# Physical Background

We want to provide some physical background to the process of (de)convolution in optics. Optical systems like brightfield microscopes can only collect a certain amount of light emitted by a specimen. This effect (diffraction) leads to a blurred image of that specimen. Mathematically the lens has a certain frequency support. Within that frequency range, transmission of light is supported. Information (light) outside of this frequency support (equivalent to high frequency information) is lost. In the following picture we can see several curves in the frequency domain. The orange line is a artificial object with a constant frequency spectrum (delta peak in real space). If such a delta peak is transferred through an optical lens, in real space the object is convolved with the point spread function (PSF). In frequency space such a convolution is a multiplication of the OTF (OTF is the Fourier transform of the PSF) and the frequency spectrum of the object. The green dotted curve is the captured image after transmission through the system. Additionally some noise was introduced which can be recognized through some bumps outside of the OTF support.

## Forward Model

Mathematically an ideal imaging process of specimen emitting incoherent light by a lens (or any optical system in general) can be described as:

$$$Y(r) = (S * \text{PSF})(r)$$$

where $*$ being a convolution operation, $r$ being the position, $S$ being the sample and $\text{PSF}$ being the point spread function of the system. One can also introduce a background term $b$ independent of the position, which models a constant signal offset of the imaging sensor:

$$$Y(r) = (S * \text{PSF})(r) + b$$$

In frequency space (Fourier transforming the above equation) the equation with $b=0$ is:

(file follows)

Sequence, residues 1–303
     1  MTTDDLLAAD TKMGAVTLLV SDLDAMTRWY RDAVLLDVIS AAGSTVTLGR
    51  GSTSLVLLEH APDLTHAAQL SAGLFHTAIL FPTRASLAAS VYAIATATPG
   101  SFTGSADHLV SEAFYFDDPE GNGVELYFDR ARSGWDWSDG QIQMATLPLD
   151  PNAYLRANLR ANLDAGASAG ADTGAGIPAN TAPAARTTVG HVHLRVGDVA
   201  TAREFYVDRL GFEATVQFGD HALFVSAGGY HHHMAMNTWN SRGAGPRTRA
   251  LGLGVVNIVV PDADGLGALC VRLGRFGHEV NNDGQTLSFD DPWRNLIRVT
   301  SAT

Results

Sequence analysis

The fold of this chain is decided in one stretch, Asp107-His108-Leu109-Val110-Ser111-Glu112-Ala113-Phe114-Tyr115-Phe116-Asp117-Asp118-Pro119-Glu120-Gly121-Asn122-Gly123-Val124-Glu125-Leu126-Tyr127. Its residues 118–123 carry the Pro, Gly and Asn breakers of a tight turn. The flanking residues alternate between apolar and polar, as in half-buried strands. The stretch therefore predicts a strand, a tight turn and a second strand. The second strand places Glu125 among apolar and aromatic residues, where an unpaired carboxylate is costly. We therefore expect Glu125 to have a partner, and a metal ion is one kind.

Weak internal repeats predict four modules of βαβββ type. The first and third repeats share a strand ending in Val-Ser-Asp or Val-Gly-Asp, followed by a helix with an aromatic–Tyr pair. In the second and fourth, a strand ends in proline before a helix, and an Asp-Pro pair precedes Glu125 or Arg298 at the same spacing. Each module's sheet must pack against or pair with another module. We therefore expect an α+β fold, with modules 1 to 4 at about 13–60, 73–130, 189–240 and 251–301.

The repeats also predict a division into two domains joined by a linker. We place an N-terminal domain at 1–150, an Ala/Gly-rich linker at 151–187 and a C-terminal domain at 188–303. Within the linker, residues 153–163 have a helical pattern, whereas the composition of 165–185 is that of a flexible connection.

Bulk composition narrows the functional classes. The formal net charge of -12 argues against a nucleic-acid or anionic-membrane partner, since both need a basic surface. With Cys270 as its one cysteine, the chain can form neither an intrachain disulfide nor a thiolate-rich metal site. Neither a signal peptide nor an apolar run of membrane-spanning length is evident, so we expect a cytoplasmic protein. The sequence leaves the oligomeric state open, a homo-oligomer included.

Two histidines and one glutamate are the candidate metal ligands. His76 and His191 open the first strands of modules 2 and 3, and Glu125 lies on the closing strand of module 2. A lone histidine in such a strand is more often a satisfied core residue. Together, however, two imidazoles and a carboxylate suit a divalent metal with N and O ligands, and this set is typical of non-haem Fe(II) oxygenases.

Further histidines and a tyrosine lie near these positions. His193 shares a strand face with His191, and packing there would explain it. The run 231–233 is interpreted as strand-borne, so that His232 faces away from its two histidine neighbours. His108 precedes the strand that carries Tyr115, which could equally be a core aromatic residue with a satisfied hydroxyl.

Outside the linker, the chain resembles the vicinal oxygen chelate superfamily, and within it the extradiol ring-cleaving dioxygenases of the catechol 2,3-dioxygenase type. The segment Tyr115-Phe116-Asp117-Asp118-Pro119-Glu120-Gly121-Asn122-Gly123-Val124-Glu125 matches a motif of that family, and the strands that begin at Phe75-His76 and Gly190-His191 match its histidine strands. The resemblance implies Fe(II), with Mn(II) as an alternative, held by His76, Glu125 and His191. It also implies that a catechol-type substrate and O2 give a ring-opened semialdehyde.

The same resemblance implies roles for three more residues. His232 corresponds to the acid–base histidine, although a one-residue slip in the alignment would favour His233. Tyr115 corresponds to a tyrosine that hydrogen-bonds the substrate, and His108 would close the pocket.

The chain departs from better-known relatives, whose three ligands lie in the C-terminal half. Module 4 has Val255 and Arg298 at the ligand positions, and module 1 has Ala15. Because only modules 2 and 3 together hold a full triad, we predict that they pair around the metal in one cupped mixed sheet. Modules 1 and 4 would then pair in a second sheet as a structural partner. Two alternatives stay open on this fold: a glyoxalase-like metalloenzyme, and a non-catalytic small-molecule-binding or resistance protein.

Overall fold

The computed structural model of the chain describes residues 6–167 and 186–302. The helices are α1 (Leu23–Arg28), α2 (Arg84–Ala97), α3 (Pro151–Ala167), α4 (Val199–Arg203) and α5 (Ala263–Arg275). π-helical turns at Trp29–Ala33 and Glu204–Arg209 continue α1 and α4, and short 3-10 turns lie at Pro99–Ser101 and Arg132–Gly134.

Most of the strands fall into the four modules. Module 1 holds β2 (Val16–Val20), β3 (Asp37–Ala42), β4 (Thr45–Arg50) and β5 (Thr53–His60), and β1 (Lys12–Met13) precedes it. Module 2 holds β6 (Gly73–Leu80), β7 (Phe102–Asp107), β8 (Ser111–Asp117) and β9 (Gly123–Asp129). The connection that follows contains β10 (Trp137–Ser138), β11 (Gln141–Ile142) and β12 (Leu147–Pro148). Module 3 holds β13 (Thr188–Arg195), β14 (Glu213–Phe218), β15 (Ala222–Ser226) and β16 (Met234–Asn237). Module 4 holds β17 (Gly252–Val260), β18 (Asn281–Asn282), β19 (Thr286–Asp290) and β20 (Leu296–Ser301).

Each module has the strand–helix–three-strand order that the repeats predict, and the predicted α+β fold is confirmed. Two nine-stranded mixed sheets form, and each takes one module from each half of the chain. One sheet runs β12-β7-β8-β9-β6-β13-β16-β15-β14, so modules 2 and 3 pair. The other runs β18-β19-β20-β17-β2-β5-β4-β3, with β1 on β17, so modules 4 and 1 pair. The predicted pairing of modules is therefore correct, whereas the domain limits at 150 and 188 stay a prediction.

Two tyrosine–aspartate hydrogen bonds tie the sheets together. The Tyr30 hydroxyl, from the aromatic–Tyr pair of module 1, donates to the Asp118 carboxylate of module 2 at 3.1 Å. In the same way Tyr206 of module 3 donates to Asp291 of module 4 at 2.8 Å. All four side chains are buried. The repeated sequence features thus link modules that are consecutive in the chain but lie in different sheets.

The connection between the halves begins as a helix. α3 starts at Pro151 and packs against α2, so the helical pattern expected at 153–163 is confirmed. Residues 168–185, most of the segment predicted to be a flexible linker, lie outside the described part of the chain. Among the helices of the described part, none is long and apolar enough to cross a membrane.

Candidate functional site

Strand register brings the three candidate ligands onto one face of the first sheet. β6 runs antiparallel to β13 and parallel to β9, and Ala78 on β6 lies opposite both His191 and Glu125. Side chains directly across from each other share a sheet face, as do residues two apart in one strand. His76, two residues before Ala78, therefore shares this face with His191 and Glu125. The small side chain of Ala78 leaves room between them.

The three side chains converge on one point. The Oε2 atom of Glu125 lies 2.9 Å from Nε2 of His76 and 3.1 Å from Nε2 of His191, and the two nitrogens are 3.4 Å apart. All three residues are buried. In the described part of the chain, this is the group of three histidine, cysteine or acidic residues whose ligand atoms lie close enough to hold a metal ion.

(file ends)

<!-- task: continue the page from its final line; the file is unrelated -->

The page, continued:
$$$\tilde Y(k) = (\tilde S \cdot \tilde{\text{PSF}})(k),$$$

where $k$ is the spatial frequency and $\cdot$ represents term-wise multiplication (this is due to the convolution theorem of the Fourier transform). From that equation it is clear why the green and blue line in the plot look very similar. The reason is, that the orange line is constant and we basically multiply the OTF with the orange line.

## Noise Model

However, the physical description (forward model) should also contain a noise term to reflect the measurement process in reality more accurately.

$$$Y(r) = (S * \text{PSF})(r) + N(r) = \mu(r) + N(r)$$$

where $N$ being a noise term. In fluorescence microscopy the dominant noise is usually Poisson shot noise (see [1]). The origin of that noise is the quantum nature of photons. Since the measurement process spans over a time T only a discrete number of photons is detected (in real experiment the amount of photons per pixel is usually in the order of $10^1 - 10^3$). Note that this noise is not introduced by the sensor and is just a effect due to quantum nature of light. We can interpret every sensor pixel as a discrete random variable $X$. The expected value of that pixel would be $\mu(r)$ (true specimen convolved with the $\text{PSF})$. Due to noise, the systems measures randomly a signal for $X$ according to the Poisson distribution:

$$$f(y, \mu) = \frac{\mu^y \exp(-\mu)}{\Gamma(y + 1)}$$$

where $f$ is the probability density distribution, $y$ the measured value of the sensor, $\mu$ the expected value and $\Gamma$ the generalized factorial function (Gamma function).